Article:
A group of researchers at the International Ocean Discovery Program announced that they plan to take a closer look at the impact site of asteroid Chicxulub, which supposedly wiped out the dinosaurs.
The team hopes to find more details on the mass extinction event and the reemergence of life following the cosmic event. IODP researchers are currently preparing for a trip to the small town Chicxulub in the Mexican state of Yucatán where the impact crater lies. The endeavor, which costs about $10 million, is slated for this spring.
Though there isn’t a general scientific consensus on what killed off the dinosaurs, the death-by-asteroid hypothesis is widely accepted.
According to the theory, the 6-mile wide asteroid called Chicxulub crashed near current-day Chicxulub at the end of Cretaceous wiping out the dinosaurs. The resulting crater, known as the Chicxulub crater, has a diameter of 100 miles and a depth of 12 miles.
The crater is rather different from other impact craters on Earth both in size and shape. It has some specific rocky ridges that emerged in the wake of the highly energetic collision. Researchers explained that Chicxulub is the only crater to have such a perfectly preserved peak ring.
Sean Gulick of the The University of Texas at Austin who will be also involved in the research noted that other similar impact craters are either located on other planets or have been eroded.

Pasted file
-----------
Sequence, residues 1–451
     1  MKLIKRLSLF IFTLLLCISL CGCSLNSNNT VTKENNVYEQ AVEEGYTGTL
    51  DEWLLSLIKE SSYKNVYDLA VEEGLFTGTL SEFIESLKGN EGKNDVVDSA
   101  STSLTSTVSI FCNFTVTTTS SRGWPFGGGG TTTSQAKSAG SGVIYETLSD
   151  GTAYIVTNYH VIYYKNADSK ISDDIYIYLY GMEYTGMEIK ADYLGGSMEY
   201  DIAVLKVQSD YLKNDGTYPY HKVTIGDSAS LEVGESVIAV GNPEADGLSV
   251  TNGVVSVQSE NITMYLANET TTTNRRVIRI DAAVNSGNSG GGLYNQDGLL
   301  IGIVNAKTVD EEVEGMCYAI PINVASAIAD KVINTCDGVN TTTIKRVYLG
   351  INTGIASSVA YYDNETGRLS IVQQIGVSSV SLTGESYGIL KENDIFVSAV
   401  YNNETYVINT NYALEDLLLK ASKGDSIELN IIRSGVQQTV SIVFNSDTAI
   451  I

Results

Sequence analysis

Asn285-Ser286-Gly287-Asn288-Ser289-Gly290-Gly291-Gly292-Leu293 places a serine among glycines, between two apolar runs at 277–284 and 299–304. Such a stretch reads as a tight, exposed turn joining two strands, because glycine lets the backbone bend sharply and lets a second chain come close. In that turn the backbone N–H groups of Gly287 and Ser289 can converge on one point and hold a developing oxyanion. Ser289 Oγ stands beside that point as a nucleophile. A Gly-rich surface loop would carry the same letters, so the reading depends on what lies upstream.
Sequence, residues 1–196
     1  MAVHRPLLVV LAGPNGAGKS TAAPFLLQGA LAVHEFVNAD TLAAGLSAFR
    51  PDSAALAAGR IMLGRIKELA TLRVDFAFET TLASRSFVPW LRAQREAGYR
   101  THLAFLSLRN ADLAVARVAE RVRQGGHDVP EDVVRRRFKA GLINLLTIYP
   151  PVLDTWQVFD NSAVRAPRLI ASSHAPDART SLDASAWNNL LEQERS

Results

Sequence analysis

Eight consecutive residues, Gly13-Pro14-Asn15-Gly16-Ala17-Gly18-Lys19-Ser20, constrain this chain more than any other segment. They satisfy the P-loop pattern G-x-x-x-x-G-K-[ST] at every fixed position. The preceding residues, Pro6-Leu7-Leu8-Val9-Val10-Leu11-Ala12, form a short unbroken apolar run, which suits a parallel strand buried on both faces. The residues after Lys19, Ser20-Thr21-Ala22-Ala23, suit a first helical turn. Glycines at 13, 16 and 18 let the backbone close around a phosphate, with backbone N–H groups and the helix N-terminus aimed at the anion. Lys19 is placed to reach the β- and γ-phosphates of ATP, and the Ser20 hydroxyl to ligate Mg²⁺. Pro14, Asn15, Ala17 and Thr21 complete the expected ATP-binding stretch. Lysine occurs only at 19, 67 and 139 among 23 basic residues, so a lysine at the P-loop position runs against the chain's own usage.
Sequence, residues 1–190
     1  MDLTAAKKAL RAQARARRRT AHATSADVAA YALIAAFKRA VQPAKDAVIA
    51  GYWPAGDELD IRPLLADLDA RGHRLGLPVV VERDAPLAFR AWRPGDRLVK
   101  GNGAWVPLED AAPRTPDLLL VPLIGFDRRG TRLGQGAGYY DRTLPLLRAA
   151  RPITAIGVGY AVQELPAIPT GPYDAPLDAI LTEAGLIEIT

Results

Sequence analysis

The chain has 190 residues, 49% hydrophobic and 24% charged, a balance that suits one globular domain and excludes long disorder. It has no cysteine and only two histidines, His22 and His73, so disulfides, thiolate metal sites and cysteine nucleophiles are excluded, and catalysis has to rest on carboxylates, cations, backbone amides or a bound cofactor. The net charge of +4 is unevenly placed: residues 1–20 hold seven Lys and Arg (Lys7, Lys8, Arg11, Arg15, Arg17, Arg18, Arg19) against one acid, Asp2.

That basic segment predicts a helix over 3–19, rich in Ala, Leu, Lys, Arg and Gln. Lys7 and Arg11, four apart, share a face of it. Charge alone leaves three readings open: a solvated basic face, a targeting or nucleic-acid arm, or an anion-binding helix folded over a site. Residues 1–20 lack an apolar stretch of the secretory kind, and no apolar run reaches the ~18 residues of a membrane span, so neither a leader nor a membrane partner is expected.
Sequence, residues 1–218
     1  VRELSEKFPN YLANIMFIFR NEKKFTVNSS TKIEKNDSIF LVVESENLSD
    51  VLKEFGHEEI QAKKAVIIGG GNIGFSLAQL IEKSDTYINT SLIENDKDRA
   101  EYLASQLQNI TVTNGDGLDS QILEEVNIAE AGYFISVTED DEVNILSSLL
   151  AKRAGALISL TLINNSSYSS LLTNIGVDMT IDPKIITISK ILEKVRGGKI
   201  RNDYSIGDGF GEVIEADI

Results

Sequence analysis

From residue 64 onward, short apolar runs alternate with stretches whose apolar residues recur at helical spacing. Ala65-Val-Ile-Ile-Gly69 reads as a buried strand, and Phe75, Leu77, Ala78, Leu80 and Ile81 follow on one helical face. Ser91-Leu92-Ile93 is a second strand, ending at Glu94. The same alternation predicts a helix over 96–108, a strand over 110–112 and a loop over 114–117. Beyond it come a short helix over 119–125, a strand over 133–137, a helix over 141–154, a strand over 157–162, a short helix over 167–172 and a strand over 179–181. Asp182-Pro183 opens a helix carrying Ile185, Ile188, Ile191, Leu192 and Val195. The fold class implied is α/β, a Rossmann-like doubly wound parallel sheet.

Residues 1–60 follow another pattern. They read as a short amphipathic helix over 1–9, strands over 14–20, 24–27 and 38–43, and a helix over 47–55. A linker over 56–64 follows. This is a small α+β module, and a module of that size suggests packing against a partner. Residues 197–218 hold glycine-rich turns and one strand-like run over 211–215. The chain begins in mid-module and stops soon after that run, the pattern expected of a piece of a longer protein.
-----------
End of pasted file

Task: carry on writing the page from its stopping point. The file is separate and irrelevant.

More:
Gulick explained that impact craters so perfectly preserved were spotted only on the Moon or other planets. On our planet, such craters are gradually destroyed by erosion.
But IODP’s endeavor won’t be easy. The researchers will sail to the impact site and place a boat right above the peak ring. Next, the boat will be lifted on three pylons to form a stable platform from where scientists can conduct drilling operations. The team plans to have the platform ready in April, and conduct operations over the next two months.
According to the IODP, scientists would drill 1 mile deep into the crater to gather rock samples. The samples will help researchers learn more about the crater’s geology, history, and ancient microbial inhabitants.
The team also wants to gain a deeper understanding on the consequences of such a collision on humans, though NASA and other space agencies have reassured us that no such impact will threaten humanity in the foreseeable future.
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